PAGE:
That is because the US Food and Drug Administration (FDA), the body that regulates fish names, says we can no longer export the species under the snapper name.
The reason is simple: our snapper is not technically a snapper.
In the world of complicated fish names, the only consistent international rule is the agreed scientific name.
In New Zealand snapper is the legal common name for the species Pagrus auratus.
However, according to the FDA, Pagrus auratus cannot be called snapper, that is reserved for species originating from the Lutjanidae family.
And New Zealand’s prized catch actually belongs to the Sparidae clan, also known as porgy - hardly a marketer’s dream.
Snapper is not the only fish with dual identities.
New Zealand ling is from the Ophidiidae family (cusk-eel), whilst in Europe it’s from the Lotidae family.
Red cod and deepsea cod come from the Gadidae family – the cod species. Our blue cod is really a sea perch.
Fish names can be a highly confusing business.
Some of the problem stems from early European settlers who incorrectly named fish based on Old World experience.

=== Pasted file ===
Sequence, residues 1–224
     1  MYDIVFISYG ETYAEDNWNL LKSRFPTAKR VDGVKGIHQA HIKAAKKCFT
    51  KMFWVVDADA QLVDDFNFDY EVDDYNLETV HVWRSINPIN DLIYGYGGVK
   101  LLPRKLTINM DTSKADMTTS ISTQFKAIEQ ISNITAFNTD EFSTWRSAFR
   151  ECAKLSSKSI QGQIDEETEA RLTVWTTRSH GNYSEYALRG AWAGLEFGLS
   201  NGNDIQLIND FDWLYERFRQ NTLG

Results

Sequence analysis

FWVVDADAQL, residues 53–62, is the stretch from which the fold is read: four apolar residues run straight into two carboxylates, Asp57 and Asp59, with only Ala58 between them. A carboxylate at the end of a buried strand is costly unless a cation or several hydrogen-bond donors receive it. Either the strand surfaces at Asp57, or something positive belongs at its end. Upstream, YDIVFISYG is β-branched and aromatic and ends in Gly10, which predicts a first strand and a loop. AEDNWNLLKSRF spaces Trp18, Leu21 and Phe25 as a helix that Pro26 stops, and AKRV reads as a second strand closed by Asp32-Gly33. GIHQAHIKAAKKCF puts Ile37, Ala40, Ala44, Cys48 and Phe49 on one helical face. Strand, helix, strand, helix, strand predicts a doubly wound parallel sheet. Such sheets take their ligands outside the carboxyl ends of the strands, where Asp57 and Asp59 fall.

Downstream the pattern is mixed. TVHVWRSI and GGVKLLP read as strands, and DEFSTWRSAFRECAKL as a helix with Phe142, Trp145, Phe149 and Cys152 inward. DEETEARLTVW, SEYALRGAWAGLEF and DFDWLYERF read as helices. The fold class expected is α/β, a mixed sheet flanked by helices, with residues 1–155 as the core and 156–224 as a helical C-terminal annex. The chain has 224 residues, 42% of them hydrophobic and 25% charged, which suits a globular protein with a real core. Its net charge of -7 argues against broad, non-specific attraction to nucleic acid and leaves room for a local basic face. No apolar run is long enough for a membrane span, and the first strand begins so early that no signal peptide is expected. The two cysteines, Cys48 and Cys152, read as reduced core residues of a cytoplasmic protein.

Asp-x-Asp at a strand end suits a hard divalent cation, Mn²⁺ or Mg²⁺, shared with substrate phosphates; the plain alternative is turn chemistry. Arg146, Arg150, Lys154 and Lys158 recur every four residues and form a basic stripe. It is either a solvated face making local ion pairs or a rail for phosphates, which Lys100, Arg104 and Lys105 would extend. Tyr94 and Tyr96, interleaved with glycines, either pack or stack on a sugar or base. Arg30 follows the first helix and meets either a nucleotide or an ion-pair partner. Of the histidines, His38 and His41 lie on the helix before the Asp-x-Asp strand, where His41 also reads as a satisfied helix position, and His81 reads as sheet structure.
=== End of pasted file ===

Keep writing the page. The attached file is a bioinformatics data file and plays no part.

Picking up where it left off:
They did the same with tree species, but most have fallen by the wayside and the established Maori names are now preferred.
Snapper, our iconic inshore species, generates $33 million in exports, of which approximately 20 percent goes to the US.
But in that market our snapper is no longer snapper.
It is now likely to be known as sea bream.
Industry is in the process of making an application with that name to the FDA.
It still needs to be approved, but sea bream, and variations of it are used for many of the 154 species included in the Sparidae family, making it more likely to be accepted by the American regulators.
The push for change from the FDA was born after they became concerned that some exporters, retailers and restaurants were passing off a wide range of other species as the highly valued Lutjanidae.
Fish fraud continues to be a global problem.
According to US-based organisation Oceana, species such as grouper, cod and snapper may be commonly mislabelled and replaced with fish that are less desirable, cheaper, or more readily available.
But, change can be a good thing and there are cases where a different name has meant a boom in price.
The most famous relates to Chilean sea bass.
That species is technically a cod icefish also known as Nototheniidae.
It is commonly known as Patagonian or Antarctic toothfish and has become highly sought after.
The rebranding to Chilean sea bass by an American importer saw the previously little-known species go from fish finger favourite to being awarded 2001’s “Fish of the Year” by famed food magazine Bon Appetit.
No telling porgies – more smart marketing.